Brachylophus fasciatus -

Brachylophus fasciatus

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The Lau banded iguana (Brachylophus fasciatus) is an arboreal species of lizard endemic to the Lau Islands of the eastern part of the Fijian archipelago. It is also found in Tonga, where it was probably introduced by humans. It is one of the few species of iguanas found outside of the New World and one of the most geographically isolated members of the family Iguanidae.  Populations of these iguanas have been declining over the past century due to habitat destruction, and more significantly, the introduction of mongoose and house cats to the islands.

The species is diurnal, spending their days foraging, basking and watching over their territories by day and retreating to the treetops at night. Fiji iguanas are considered a national treasure by the government of Fiji, and its likeness has been featured on postage stampscurrency, and phone book covers.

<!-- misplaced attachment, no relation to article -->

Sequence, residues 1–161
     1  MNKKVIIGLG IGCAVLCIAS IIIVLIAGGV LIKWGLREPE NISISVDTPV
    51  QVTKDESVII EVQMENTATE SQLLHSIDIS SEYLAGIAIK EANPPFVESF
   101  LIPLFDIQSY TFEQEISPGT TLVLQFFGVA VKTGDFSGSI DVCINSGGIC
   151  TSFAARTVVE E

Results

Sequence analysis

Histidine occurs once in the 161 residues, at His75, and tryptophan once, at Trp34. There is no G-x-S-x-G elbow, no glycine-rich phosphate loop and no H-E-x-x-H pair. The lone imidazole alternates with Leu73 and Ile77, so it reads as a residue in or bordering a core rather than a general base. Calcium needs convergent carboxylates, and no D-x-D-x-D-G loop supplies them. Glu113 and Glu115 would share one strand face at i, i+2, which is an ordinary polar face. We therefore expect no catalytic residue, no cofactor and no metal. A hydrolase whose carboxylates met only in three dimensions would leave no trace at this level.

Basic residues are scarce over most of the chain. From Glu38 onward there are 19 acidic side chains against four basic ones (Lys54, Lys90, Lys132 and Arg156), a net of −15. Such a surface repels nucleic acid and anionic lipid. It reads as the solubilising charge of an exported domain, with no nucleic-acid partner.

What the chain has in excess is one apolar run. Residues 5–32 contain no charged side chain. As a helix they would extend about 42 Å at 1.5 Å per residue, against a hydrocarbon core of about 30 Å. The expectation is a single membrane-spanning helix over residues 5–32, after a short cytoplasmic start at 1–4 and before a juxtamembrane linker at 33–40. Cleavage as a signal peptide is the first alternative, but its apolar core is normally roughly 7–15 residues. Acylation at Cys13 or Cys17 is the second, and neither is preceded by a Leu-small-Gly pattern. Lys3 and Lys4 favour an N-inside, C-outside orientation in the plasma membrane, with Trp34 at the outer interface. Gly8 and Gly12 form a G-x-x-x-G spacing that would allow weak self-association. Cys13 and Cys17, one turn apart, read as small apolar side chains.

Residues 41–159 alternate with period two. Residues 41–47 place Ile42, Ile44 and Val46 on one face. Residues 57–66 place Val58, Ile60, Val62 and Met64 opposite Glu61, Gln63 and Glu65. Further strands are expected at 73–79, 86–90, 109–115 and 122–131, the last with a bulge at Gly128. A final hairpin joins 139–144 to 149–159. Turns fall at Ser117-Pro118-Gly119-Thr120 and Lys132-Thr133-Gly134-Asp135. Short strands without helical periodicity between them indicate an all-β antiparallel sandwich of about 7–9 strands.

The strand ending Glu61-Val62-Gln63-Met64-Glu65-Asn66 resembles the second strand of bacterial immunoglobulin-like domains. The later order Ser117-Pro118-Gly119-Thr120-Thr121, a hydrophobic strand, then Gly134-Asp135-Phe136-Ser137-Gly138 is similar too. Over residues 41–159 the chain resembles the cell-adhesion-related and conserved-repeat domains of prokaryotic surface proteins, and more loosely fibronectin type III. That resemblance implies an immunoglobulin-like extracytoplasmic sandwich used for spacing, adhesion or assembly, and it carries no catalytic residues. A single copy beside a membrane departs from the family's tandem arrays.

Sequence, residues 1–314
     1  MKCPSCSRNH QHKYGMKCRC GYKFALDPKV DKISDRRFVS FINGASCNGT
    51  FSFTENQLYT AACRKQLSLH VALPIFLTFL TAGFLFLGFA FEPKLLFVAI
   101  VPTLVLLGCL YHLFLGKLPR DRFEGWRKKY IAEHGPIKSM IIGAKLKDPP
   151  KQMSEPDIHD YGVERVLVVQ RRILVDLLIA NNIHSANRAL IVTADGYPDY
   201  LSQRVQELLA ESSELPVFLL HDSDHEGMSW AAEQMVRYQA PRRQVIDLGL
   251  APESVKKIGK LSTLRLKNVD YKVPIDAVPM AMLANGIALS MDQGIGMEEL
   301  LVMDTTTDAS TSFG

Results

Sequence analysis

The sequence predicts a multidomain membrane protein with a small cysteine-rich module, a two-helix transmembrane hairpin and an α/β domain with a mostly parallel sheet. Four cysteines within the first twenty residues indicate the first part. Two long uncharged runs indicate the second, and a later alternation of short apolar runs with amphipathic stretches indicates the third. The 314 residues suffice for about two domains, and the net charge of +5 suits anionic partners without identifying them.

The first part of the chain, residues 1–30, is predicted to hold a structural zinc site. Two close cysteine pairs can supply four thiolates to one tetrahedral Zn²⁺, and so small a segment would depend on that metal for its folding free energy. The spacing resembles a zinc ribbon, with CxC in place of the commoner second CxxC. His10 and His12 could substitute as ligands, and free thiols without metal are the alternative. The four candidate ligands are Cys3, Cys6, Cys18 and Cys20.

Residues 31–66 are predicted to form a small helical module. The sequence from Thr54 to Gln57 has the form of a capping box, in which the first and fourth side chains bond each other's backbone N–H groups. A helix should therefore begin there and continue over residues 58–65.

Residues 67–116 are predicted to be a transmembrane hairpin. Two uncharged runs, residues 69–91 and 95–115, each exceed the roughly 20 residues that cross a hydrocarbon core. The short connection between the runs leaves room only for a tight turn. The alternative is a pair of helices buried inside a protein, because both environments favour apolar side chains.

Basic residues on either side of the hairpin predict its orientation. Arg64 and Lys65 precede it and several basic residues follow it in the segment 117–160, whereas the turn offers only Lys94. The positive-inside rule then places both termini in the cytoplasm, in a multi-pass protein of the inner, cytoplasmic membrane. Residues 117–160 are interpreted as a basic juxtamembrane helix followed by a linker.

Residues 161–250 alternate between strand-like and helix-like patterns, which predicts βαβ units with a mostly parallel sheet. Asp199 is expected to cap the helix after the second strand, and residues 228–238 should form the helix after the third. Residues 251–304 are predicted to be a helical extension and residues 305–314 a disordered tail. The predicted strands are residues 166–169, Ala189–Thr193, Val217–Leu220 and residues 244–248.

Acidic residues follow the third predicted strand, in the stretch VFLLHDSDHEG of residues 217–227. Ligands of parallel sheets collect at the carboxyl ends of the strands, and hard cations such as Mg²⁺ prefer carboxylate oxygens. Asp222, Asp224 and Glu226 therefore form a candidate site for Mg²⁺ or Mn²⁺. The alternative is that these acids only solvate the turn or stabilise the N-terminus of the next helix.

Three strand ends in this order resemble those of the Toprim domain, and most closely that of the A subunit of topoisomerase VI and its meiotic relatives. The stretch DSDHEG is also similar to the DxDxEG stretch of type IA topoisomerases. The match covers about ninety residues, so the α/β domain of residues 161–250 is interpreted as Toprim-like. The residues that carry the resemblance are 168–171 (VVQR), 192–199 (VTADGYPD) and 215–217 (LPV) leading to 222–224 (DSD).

Detailed information
Full Name: Fiji Banded iguana (Brachylophus fasciatus)
Where found: Wherever found
Critical Habitat:N/A
Species Group:Reptiles
Current listing status
Status Date Listed Lead Region Where Listed
Endangered 03/20/1980 Foreign (Headquarters) Wherever found
  • Countries in which the the Fiji Banded iguana, Wherever found is known to occur: Fiji, Tonga
Federal register documents
Citation Page
03/20/1980 45 FR 18009 18010 Listing with Endangered Status for Five Species of Foreign Reptiles
11/02/1979 44 FR 63474 63476 Proposed Listing with Endangered Status for Five Species of Foreign Reptiles
No recovery information is available for the Fiji Banded iguana.
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